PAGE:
How to use condoms for maximum pleasure and effectiveness
Choosing and using a condom is a challenging issue for many
people. While many of the ads tout particular condoms as being designed for the
woman’s pleasure, I have spoken with very few women who found one kind of
condoms to be particularly preferable to another-- at most a 2 on a scale of 1
to 10. I have occasionally heard women say that condoms were painful-- but once
they realized the importance of sufficient quantities of a quality lubricant,
the issue was resolved.
"Quality" doesn't need to be expensive: better to use plenty of a cheap gel than a smidge of that $30/oz. stuff). Most pharmacies sell a house brand for under $4 for a 4 oz. tube. Gels/jellies last much longer than liquids. Do *not* use *any* oil-based lubes with latex condoms-- not even your special magical organic infused plant oil grown under a pyramid; they first create microscopic holes in the condom that look like the Lincoln Tunnel to a virus, and will eventually cause it to break entirely. Yes, this includes coconut oil.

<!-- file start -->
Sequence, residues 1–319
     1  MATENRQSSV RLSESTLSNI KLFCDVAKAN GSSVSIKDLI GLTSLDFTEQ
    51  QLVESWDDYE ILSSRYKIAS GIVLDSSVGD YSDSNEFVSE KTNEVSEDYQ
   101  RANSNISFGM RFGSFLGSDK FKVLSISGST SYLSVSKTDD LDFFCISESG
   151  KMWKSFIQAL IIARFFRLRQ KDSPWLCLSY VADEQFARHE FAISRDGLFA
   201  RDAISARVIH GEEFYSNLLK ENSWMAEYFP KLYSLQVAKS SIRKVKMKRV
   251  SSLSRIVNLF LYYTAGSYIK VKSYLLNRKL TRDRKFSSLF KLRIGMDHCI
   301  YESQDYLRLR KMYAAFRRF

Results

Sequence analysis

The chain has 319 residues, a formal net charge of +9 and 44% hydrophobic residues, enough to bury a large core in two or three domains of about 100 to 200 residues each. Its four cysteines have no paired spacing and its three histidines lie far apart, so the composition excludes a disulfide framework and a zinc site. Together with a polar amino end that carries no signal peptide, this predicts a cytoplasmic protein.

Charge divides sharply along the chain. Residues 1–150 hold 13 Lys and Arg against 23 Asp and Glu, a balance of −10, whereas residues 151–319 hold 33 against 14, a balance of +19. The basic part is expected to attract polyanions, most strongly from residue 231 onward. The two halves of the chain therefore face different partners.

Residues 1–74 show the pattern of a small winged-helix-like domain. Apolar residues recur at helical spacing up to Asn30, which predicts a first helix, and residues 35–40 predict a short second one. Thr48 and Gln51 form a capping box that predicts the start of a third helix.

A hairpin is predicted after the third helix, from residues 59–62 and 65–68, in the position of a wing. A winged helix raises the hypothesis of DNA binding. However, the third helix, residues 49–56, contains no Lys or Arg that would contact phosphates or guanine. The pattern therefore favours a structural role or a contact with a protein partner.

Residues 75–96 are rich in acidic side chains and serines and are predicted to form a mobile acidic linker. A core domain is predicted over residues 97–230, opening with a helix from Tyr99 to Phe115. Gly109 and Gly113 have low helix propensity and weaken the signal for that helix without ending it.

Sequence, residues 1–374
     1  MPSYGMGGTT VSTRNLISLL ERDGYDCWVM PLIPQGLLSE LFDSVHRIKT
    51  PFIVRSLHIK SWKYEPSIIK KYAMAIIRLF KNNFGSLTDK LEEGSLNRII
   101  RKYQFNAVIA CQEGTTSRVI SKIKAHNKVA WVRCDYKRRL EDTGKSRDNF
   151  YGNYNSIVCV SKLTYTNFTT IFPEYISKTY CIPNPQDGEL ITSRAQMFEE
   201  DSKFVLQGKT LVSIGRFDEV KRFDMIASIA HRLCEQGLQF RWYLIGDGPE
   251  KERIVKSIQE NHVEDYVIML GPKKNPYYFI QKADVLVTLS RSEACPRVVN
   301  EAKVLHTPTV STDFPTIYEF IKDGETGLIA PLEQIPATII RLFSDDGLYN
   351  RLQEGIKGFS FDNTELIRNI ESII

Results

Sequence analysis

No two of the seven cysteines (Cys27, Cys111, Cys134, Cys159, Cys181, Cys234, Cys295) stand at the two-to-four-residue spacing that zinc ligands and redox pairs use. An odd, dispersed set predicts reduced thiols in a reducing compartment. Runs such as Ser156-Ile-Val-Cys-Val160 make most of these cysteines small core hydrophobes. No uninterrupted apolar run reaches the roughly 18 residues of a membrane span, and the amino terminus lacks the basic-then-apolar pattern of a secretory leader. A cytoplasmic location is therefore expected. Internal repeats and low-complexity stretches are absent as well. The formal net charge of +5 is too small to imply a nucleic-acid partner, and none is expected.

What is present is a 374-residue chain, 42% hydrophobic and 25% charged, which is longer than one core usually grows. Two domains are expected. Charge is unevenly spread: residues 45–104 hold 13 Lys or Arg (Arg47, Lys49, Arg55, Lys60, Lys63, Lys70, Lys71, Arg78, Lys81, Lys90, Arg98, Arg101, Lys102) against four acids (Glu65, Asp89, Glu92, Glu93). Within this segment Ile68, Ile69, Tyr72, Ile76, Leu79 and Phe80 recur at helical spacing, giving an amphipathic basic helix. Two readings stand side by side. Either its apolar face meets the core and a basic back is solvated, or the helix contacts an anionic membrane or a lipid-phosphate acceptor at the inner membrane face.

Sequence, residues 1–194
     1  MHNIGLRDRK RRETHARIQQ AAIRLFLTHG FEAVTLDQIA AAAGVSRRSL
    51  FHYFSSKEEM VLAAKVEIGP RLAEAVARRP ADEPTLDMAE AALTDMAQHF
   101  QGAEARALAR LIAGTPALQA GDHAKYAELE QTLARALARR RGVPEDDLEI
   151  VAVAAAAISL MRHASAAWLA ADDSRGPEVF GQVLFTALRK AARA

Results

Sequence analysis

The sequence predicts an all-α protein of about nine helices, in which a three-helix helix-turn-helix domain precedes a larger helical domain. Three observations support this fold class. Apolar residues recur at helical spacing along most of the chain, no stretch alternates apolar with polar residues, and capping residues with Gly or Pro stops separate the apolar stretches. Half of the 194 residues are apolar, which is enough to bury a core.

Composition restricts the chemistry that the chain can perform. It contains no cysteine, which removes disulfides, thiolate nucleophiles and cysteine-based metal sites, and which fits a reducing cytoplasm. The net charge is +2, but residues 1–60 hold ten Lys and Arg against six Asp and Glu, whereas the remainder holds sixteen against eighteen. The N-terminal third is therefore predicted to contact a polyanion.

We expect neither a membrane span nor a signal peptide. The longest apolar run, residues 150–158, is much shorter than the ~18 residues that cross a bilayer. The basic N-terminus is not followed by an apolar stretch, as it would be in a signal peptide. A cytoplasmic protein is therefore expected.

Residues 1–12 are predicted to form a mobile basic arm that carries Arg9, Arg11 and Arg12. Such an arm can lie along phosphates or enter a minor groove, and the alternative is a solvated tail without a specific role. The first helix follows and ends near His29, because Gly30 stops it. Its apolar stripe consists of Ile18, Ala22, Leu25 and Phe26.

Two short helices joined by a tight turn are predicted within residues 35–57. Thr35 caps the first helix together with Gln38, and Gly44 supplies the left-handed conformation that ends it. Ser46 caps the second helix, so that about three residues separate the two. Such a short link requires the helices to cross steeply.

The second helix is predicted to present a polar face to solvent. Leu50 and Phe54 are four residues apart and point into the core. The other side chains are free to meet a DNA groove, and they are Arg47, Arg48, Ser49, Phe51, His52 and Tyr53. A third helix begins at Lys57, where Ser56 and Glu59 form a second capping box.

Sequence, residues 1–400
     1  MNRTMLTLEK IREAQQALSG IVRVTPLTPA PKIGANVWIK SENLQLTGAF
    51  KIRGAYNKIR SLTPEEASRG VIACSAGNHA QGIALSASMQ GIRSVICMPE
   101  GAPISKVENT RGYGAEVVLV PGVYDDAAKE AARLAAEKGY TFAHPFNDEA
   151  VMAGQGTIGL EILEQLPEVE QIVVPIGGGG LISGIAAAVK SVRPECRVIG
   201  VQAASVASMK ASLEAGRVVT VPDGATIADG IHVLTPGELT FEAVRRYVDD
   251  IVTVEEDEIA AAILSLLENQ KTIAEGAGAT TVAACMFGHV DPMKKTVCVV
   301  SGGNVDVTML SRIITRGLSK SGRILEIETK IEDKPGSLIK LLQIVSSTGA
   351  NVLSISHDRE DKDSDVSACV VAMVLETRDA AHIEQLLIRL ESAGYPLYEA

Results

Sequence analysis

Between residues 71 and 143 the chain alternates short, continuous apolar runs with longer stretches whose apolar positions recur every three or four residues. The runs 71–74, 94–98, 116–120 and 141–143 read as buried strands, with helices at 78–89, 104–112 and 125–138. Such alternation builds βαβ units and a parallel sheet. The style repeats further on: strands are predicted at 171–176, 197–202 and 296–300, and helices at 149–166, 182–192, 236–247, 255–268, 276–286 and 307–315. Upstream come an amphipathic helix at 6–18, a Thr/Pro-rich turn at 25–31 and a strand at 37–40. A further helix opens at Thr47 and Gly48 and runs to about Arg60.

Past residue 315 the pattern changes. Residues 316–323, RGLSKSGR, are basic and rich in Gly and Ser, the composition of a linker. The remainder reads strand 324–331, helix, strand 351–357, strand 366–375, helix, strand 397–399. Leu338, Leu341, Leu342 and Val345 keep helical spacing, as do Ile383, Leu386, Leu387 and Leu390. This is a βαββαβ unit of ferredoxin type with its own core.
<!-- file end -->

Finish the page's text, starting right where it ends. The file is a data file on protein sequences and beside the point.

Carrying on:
(Side note: many gel lubes now come in a short, wide tube with a very large cap. If you try to use it like a toothpaste tube, it will be very frustrating. This kind of tube is intended to be stood on its cap, so that the gel sinks to where the opening in the tube is. Then when you flip the cap off, a tiny amount of pressure on the tube will push the gel out.)
There are, of course, women and men who are sensitive/allergic to latex. For latex-sensitive people, look for condoms labeled "non-latex"-- there are quite a few on the market. Fortunately, there are several alternative materials that condoms are made of, including polyurethane, nitrile, and isoprene; these do not trigger sensitivities in the vast majority of people who are sensitive to latex. Polyurethane has some drawbacks, but isoprene and nitrile seem to be unobjectionable to most people.